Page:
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This is the first book of a trilogy telling the story of eight-year-old Charlie Keller and his abolitionist family as they move to the Kansas Territory in 1855. This book covers the initial trip by railroad, steamboat, and wagon to a plot of prairie near Lawrence. THEMES
Frontier life; Kansas; Family DISCUSSION QUESTIONS
• What would it mean to leave everything you know and go to a new place? What would you miss the most? What would you want to find in your new home?
• What is an abolitionist? How could moving to the new territory support this belief? What else might an abolitionist do to support their cause?
• What did Charlie learn during the trip to Kansas that he didn't know before?
• Why is a prairie fire so dangerous? How did starting another fire help stop the prairie fire? What would be others ways of fighting a prairie fire? ACTIVITIES
• Look at an historic map of the United States and a current map of the United States to trace Charlie's journey to Kansas. If you were moving from Massachusetts to Kansas now, how much of your journey would be similar to Charlie's and how much would be different?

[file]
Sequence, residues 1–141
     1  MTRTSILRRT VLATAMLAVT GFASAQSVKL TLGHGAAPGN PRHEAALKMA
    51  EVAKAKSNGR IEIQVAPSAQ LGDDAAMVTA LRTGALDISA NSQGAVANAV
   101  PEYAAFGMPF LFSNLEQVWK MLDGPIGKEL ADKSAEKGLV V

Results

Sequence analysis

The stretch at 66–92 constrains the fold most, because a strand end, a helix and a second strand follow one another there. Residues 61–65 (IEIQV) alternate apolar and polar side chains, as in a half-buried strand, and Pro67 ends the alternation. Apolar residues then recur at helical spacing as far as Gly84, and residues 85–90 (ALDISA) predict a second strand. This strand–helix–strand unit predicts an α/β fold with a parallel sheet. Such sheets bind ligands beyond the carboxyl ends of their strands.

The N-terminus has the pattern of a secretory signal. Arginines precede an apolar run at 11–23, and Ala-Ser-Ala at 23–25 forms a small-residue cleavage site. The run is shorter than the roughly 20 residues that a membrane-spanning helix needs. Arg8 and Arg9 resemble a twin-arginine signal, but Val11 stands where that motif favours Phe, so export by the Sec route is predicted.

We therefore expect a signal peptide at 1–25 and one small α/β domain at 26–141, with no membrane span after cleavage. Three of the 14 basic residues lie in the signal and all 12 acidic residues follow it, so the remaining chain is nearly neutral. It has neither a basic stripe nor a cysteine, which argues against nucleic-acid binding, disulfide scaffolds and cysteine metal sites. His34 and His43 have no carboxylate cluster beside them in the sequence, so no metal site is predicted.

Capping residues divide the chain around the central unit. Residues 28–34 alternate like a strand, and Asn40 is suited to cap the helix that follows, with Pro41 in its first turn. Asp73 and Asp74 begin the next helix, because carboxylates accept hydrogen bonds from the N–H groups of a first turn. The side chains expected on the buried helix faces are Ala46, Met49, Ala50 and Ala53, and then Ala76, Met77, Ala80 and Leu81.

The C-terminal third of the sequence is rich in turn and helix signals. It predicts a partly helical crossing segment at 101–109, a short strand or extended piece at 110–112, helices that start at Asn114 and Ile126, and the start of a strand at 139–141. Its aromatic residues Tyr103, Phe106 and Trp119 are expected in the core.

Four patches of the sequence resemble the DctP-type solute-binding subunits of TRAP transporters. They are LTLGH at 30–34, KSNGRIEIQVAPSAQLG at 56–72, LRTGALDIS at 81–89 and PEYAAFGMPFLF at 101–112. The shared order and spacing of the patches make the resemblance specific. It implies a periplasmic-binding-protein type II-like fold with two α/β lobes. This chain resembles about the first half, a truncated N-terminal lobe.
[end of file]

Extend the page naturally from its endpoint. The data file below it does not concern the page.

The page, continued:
• Charlie started a nature journal to record the insects, birds, flowers, and animals he saw in Kansas in 1855. Start your own journal to record the wildlife and plants that you see in Kansas now.
• Make a model of Charlie's new home in Kansas. Include Spring Creek, the new cabin his father is building, as well as the prairie and timber surrounding the new home and other details from the story.
This reading group guide is for classroom, library, and reading group use. It may be reproduced in its entirety or excerpted for these purposes.
Prepared by Arlene Wiler
© William Allen White Children's Book Award
Please visit http://www.emporia.edu/libsv/wawbookaward/ for more information about the awards and to see curriculum guides for other master list titles.